2020–2021 BCSC Basic and Clinical Science Course™
6 Pediatric Ophthalmology and Strabismus
Part I: Strabismus
Chapter 14: Surgery of the Extraocular Muscles
Complications of Strabismus Surgery
A noninflamed, translucent subconjunctival mass may develop if conjunctival epithelium is buried during muscle reattachment or incision closure (Fig 14-5). Occasionally, the cyst resolves spontaneously. Topical steroids may be helpful; persistent cases may require surgical excision. In some cases, the cyst is incorporated into the muscle tendon, so careful exploration is mandatory to identify this complication.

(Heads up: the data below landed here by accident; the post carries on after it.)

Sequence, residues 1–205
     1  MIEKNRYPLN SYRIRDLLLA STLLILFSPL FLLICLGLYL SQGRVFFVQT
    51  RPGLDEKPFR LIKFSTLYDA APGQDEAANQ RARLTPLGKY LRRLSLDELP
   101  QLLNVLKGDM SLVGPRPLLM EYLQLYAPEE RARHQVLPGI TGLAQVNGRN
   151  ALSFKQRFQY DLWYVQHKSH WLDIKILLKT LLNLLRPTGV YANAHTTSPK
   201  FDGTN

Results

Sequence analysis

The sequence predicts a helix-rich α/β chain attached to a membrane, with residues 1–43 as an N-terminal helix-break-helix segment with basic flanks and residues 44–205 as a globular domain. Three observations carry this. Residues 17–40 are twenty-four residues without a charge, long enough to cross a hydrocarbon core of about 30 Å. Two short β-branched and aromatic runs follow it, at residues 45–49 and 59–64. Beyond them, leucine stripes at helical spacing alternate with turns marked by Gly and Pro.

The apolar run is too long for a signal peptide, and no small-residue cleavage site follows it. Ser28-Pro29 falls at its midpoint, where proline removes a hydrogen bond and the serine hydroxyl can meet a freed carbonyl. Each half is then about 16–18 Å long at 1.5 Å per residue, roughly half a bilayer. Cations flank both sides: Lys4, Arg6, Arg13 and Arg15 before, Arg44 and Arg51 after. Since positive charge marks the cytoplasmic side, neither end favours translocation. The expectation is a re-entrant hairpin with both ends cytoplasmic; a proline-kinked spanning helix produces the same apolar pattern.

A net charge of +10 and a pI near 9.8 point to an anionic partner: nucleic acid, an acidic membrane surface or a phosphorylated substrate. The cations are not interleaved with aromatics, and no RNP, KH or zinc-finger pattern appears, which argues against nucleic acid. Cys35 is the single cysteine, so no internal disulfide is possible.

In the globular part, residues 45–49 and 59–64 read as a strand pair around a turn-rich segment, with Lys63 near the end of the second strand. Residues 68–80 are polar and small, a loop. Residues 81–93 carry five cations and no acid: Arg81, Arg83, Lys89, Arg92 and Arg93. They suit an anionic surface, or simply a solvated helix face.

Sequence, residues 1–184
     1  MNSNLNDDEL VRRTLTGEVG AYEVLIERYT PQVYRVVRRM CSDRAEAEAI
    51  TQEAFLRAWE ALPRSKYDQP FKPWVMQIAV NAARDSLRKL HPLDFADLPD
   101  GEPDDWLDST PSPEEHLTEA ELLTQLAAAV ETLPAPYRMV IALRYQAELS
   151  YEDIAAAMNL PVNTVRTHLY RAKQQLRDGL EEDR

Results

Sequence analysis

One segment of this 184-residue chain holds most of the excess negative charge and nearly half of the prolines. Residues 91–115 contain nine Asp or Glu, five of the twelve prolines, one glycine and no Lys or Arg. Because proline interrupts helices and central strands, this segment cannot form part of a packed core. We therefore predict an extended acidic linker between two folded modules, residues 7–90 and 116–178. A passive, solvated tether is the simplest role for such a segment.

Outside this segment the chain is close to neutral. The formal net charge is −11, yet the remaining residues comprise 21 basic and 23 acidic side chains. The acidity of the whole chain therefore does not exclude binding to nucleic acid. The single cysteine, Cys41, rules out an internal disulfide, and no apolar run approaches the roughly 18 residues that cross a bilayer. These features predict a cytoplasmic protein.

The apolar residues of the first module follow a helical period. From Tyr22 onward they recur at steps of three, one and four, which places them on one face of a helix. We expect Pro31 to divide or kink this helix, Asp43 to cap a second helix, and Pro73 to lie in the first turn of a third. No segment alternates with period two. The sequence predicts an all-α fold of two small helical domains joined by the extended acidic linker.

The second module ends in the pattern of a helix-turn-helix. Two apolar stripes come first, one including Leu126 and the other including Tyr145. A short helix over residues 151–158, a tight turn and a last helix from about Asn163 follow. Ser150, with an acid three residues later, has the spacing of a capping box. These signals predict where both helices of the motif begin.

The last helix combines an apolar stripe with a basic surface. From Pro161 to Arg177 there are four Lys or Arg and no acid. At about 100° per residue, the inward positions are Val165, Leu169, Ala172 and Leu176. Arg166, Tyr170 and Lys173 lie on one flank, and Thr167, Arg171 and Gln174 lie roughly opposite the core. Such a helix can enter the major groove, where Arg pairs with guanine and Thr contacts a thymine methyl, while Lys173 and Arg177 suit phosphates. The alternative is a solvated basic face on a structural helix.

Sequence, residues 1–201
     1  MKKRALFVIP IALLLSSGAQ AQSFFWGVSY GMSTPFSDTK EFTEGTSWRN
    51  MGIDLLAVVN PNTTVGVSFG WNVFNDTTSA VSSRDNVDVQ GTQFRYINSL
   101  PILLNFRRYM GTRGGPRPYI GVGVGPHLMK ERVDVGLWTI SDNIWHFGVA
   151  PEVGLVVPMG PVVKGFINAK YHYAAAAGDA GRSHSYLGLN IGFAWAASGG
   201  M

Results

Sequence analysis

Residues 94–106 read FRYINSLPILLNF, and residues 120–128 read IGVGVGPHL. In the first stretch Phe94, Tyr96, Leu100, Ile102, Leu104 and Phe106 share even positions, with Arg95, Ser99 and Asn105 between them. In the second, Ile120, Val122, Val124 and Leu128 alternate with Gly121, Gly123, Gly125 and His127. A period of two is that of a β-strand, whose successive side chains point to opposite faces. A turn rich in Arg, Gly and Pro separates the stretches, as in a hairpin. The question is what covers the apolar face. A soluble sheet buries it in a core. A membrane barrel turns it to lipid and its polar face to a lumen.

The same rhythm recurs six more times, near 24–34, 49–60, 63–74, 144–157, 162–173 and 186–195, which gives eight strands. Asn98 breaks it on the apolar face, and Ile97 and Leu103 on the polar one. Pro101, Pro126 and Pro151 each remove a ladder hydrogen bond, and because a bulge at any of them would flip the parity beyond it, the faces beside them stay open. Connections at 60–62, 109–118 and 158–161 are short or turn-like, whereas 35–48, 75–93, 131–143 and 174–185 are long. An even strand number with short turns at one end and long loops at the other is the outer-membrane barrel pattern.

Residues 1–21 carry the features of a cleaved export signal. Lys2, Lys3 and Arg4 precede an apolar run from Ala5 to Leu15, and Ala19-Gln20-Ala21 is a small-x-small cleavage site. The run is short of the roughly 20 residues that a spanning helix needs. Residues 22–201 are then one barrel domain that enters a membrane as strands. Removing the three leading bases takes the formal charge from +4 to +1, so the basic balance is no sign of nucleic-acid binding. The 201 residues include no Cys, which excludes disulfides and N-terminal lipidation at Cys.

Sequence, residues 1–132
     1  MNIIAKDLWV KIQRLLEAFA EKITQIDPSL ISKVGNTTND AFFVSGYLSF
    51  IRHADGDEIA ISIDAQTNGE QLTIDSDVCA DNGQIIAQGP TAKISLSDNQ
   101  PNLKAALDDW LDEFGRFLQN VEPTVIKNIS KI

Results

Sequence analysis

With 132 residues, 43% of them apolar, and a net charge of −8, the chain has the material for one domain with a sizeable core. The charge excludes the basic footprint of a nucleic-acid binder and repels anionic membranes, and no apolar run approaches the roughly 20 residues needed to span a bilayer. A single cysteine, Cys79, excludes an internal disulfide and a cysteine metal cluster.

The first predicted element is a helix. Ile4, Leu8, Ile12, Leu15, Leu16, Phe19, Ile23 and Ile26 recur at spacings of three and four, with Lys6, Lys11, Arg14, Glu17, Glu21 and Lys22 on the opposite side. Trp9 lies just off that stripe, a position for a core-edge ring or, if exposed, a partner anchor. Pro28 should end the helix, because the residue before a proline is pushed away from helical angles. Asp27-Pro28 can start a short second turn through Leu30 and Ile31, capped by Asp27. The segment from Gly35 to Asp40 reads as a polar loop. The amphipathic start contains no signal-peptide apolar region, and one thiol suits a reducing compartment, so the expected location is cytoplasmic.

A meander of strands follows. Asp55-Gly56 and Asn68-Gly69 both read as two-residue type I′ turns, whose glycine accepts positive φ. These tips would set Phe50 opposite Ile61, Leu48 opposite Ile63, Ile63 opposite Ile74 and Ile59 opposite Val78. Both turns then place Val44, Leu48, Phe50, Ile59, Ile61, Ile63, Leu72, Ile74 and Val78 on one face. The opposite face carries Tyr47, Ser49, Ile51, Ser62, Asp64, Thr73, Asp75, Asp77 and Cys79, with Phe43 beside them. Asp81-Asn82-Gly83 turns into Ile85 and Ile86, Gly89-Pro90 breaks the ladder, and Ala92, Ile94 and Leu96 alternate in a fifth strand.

Figure 14-2 Orbital cellulitis, right eye, 2 days after bilateral recession of the lateral rectus muscles.
Figure 14-3 Postoperative pyogenic granuloma over the left lateral rectus muscle.
(From Espinoza GM, Lueder GT. Conjunctival pyogenic granulomas after strabismus surgery. Ophthalmology. 2005;112(7): 1283–1286.)
Figure 14-4 Allergic reaction to chromic gut suture. Allergic reactions are rare with modern synthetic suture material such as polyglactin.
Figure 14-5 Postoperative epithelial cyst following right medial rectus muscle recession.
Excerpted from BCSC 2020-2021 series: Section 10 - Glaucoma. For more information and to purchase the entire series, please visit https://www.aao.org/bcsc.